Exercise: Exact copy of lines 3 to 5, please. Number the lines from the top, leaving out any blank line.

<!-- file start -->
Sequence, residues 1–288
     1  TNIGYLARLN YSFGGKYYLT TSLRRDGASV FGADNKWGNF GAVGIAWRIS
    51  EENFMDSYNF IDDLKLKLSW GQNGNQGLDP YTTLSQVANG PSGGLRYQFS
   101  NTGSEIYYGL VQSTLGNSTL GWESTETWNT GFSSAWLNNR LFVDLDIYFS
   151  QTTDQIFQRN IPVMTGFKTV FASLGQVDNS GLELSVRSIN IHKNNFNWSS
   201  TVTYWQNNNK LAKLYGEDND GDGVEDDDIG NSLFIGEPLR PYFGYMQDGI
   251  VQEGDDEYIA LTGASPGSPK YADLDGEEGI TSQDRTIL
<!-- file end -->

    51  EENFMDSYNF IDDLKLKLSW GQNGNQGLDP YTTLSQVANG PSGGLRYQFS
   101  NTGSEIYYGL VQSTLGNSTL GWESTETWNT GFSSAWLNNR LFVDLDIYFS
   151  QTTDQIFQRN IPVMTGFKTV FASLGQVDNS GLELSVRSIN IHKNNFNWSS